Managed fund may spread the risk

14 May 1999

Managed fund may spread the risk

By Philip Clarke

PROFIT, as any economics student will tell you, is the reward for risk.

But arable farmers may be starting to question the theory. On many UK farms profits have all but vanished, while the risks involved are as big as ever.

One of the greatest threats is price volatility, which makes marketing grain a particular challenge. And it is a problem which is getting worse. "With the arrival of Agenda 2000, farmers are going to become more exposed to world markets and will experience even greater volatility," says Gary Hutchings of agricultural merchant Dalgety Arable.

Dalgety recommends that growers commit at least 50% of their output to some form of risk management strategy, be it a grain pool, a minimum price or buy-back contract, or a merchants managed fund.

"Each farmer has to make the right strategic decision for his business. It is not up to us to tell him what to do, just so long as he does something," says Mr Hutchings.

He is satisfied the Dalgety managed fund has performed well since it was launched in 1997. "The fund was born out of the minimum price contracts we were already offering," he says. "While they gave the farmer security, we wanted to use the market volatility to add value."

To join the fund, a farmer has to commit at least 300t of his wheat, for which he gets a guaranteed price for the period in question.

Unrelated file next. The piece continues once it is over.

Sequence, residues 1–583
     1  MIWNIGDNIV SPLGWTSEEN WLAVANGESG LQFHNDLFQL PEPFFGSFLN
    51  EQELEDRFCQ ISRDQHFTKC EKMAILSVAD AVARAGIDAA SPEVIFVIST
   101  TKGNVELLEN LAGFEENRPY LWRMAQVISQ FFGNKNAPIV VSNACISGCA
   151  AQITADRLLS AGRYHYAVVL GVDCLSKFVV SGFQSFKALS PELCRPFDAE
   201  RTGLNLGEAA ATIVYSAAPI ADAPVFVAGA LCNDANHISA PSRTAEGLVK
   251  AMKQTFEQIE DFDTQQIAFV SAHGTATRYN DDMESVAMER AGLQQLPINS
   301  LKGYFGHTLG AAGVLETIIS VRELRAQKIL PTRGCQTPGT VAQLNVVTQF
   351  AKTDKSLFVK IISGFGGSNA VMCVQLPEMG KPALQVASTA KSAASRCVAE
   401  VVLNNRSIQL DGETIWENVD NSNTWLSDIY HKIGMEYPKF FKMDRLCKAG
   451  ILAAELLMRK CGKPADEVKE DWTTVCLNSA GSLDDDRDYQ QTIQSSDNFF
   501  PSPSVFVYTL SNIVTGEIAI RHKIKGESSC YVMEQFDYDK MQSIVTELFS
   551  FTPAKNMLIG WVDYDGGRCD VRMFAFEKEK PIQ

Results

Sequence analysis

Farmers signing up pay a 5% premium. It is this money that Dalgety uses to buy options which underwrite the fund. It then trades these positions with the aim of making a gain out of market movements.

Dalgety operates three funds – short (October-December), medium (January-March), and long (April-June). At the end of each period, the farmer gets his base price, which is different for each individual, depending on the day he joined the fund, plus any bonus, which is common to all fund members.

For example, the most recent fund to close (January-March 1999) paid farmers an average base price of £80.07/t, plus a fund bonus of £2.60/t (see table). Over this period the actual market price slipped to £71/t, giving fund members an average market premium of £11.67/t. From this is deducted the 5% premium, leaving farmers about £7.54/t better off.

The managed funds operate on a regional basis and recognise individual quality, paying milling premiums where appropriate. But while they offer flexibility, Dalgety does limit the amount of grain it takes into each fund. &#42

Dalgety managed funds: Average results

1997/98 harvest year 1998/99 harvest year

Short Medium Long Short Medium

Base price 90.42 93.90 96.69 80.39 80.07

Closing market price 73.00 74.00 75.00 76.00 71.00

Price fall 17.42 19.90 21.69 4.39 9.07

Fund bonus 3.46 1.50 2.08 2.68 2.60

Total premium to market 20.88 21.40 23.77 7.17 11.67

Net gain after 5% premium * 17.12 16.58 19.81 2.92 7.54

* 4% in 1997/98 harvest year.

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